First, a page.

Why is sterility virulence most common in sexually transmitted infections? Examining the role of epidemiology
McLeod, David V.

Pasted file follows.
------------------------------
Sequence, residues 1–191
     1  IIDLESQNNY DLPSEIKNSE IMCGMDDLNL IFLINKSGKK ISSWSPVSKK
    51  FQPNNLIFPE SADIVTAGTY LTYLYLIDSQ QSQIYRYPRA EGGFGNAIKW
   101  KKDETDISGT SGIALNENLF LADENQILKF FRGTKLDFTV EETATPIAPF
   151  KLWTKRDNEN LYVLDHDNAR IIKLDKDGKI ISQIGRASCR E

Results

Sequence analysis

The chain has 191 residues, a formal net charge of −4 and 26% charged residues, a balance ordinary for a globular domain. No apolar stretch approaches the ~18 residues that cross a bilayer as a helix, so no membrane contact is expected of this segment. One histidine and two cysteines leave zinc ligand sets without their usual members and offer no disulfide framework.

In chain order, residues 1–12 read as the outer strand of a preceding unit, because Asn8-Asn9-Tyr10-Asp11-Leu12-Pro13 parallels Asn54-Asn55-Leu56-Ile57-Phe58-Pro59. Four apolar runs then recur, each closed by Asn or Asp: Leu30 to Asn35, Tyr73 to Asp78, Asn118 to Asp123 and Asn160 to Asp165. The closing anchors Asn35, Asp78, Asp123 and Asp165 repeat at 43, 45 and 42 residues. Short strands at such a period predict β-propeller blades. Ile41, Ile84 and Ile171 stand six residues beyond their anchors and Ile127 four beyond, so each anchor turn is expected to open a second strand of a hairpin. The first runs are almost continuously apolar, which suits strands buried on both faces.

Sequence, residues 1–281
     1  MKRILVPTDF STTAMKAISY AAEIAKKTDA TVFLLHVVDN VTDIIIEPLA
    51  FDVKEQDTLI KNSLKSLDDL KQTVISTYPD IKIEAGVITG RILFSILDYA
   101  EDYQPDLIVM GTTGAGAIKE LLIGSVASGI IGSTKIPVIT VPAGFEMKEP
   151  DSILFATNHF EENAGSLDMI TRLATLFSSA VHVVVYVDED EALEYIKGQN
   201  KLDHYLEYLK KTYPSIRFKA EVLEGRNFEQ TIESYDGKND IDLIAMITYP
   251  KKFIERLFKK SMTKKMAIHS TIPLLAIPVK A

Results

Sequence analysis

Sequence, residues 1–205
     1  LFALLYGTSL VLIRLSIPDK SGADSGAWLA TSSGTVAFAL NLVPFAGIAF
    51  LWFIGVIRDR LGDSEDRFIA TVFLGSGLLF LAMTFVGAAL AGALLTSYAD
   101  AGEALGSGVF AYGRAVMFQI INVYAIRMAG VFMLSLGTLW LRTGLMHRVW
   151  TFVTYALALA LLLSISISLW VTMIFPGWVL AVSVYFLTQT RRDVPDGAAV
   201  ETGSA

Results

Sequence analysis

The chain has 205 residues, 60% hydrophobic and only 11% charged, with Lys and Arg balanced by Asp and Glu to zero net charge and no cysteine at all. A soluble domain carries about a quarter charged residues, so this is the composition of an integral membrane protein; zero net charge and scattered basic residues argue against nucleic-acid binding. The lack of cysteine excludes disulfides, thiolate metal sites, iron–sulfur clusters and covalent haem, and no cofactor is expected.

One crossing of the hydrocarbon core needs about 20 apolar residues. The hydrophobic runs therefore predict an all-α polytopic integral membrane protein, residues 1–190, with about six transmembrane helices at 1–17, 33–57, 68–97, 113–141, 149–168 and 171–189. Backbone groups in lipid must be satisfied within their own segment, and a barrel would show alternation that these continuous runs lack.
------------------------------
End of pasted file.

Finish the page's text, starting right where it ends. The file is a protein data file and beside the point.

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Sterility virulence, or the reduction in host fecundity due to infection, occurs in many host–pathogen systems. Notably, sterility virulence is more common for sexually transmitted infections (STIs) than for directly transmitted pathogens, while other forms of virulence tend to be limited in STIs. This has led to the suggestion that sterility virulence may have an adaptive explanation. By focusing upon finite population models, we show that the observed patterns of sterility virulence can be explained by consideration of the epidemiological differences between STIs and directly transmitted pathogens. In particular, when pathogen transmission is predominantly density invariant (as for STIs), and mortality is density dependent, sterility virulence can be favored by demographic stochasticity, whereas if pathogen transmission is predominantly density dependent, as is common for most directly transmitted pathogens, sterility virulence is disfavored. We show these conclusions can hold even if there is a weak selective advantage to sterilizing.